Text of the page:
Old fig tree with people walking

What is multispecies justice, and why does it matter?

1 June 2022

World Environment Day: Sunday  5 June 2022

Professor Danielle Celermajer explains multispecies justice and why expanding justice beyond the interests of humans is important.

What is multispecies justice?

It is a theory of justice that includes not only the interests of all humans but of the nonhuman, such as other animals, plants, forests, rivers and ecological systems. Taking their interests seriously as ‘justice claims’ means there is a moral and political obligation for the basic institutions of society – including our political and legal systems – to take those interests into account when making decisions. They cannot be dismissed simply because they are inconvenient or costly (for certain humans), and attending to them is not a matter of charity or generosity.

Image of a cattle

Animals and birdlife should have rights to exist in a safe environment

Why is this important on World Environment Day?

Multispecies justice is an invitation to rethink justice for our time. In a world where extractivism (extracting natural resources from the ground to sell on the world market), untrammelled development, widespread poisoning of lands, waterways and atmospheres, industrial animal agriculture, and fossil fuelled climate change are all leading to the mass killing and destruction of other animals, forests, rivers and ecosystems, multispecies justice suggests that these harms ought to be considered not merely as unfortunate events, but injustices. It is becoming more obvious that justice for humans is impossible without taking seriously the need for a healthy and functioning environment and the health and flourishing of other animals.

Image of a canyon

Rivers deserve to be treated with respect

What is ecocide?

The term ecocide combines ‘cide’ (killing) with ‘eco’ (here the environment, broadly understood) to signify the killing or destruction of environments. Domestic and international legal systems recognise homicide - killing a human being - as a crime and demands its punishment, and after World War II, the United Nations adopted a Convention to prevent and punish the crime of genocide - killing or destroying a people.

The idea of ecocide proposes that destroying environments, including biodiversity is also a grave injustice that ought be to condemned, prevented and punished domestically and internationally.
Professor Danielle Celermajer, Deputy Director, Sydney Environment Institute

What does expanding ‘personhood’ mean?

To be a person means to have moral standing and to be a moral agent. In law and politics, persons are those who are recognised as having certain active capacities, for example the capacity to sue and be sued or to enter into contracts. Over the last several centuries, social movements have fought to have women, people of colour, Indigenous people, people with disabilities and others included as legal persons, as opposed to being ‘things’ that are subject to others' wills and decisions. Critically, persons cannot be property.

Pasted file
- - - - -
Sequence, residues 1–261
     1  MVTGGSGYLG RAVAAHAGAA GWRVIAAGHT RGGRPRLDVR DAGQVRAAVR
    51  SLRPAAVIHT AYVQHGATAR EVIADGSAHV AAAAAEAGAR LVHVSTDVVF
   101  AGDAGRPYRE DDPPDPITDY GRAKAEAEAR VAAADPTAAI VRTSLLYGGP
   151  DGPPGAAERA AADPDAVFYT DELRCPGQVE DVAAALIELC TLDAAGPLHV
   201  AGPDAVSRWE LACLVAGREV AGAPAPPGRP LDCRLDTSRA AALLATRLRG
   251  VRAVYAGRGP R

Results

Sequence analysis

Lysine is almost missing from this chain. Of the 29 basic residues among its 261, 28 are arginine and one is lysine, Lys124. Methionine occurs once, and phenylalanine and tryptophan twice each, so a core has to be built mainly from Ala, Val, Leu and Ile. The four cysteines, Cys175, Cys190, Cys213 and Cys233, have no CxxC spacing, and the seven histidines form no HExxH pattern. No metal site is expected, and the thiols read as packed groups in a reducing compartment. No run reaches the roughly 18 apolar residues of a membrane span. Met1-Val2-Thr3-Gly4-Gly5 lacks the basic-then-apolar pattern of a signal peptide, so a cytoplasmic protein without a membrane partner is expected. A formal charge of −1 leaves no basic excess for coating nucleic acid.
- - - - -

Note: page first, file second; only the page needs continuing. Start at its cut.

Advocates are seeking to expand the boundaries of personhood to include beings other than humans. They are doing this partly because it would change how people understand or think about nature and other beings, and partly because doing so would afford them higher levels of legal protection. If for example we think of an animal as a person, they become a ‘who’ with interests and moral rights. Making a river a person before the law means that the river, or those acting in its name, can bring legal action for damages to the river, rather than relying on the existence of specific pieces of legislation dealing with pollution for example.

Close up image of kangaroo

If we think of an animal as a person, they become a ‘who’ with interests and moral rights

Why does this matter?

The scope and intensity of environmental destruction, and violence against other animals and the earth is bringing human civilisations, ecosystems and other species to the brink of collapse. We can focus in on specific causes, such as dependence on fossil fuels or capitalist economies that encourage the exploitation of nature to maximise profits. Underpinning these systems, however, is the more fundamental belief that all beings other than humans are there for human use.

In other words, environments and other animals are routinely harmed and exploited because, in mainstream Western thought and in Western legal and political systems, they are positioned as things, property or resources.
Professor Danielle Celermajer

If the destruction of the earth and its beings is to be halted, something more than new systems, different economies and better technologies is needed. We need to start to relate to other earth beings as subjects of justice, subjects who can be unjustly harmed and to whom obligations of care and respect are owed. This does not mean that there are not vast differences amongst us all. This is not about saying humans and trees are the same; we still need to recognize and respect the very different ways of being, and the very different interests. Multispecies justice invites humans to reposition ourselves not as over and above the earth and its beings, but as embedded in relationships that nourish and sustain us and that we must also nourish and sustain.

Learn more about multispecies justice in an upcoming panel discussion hosted by the Sydney Environment Institute on 22 June 2022, and in a recent article co-written by Professor Celermajer on why now is the time to seriously challenge the systems that have incentivised environmental injustice for communities and ecosystems

Professor Danielle Celermajer is an expert on multispecies justice in the Department of Sociology and Social Policy, and is Deputy Director – Academic of the Sydney Environment Institute.

All photos by Pixabay.

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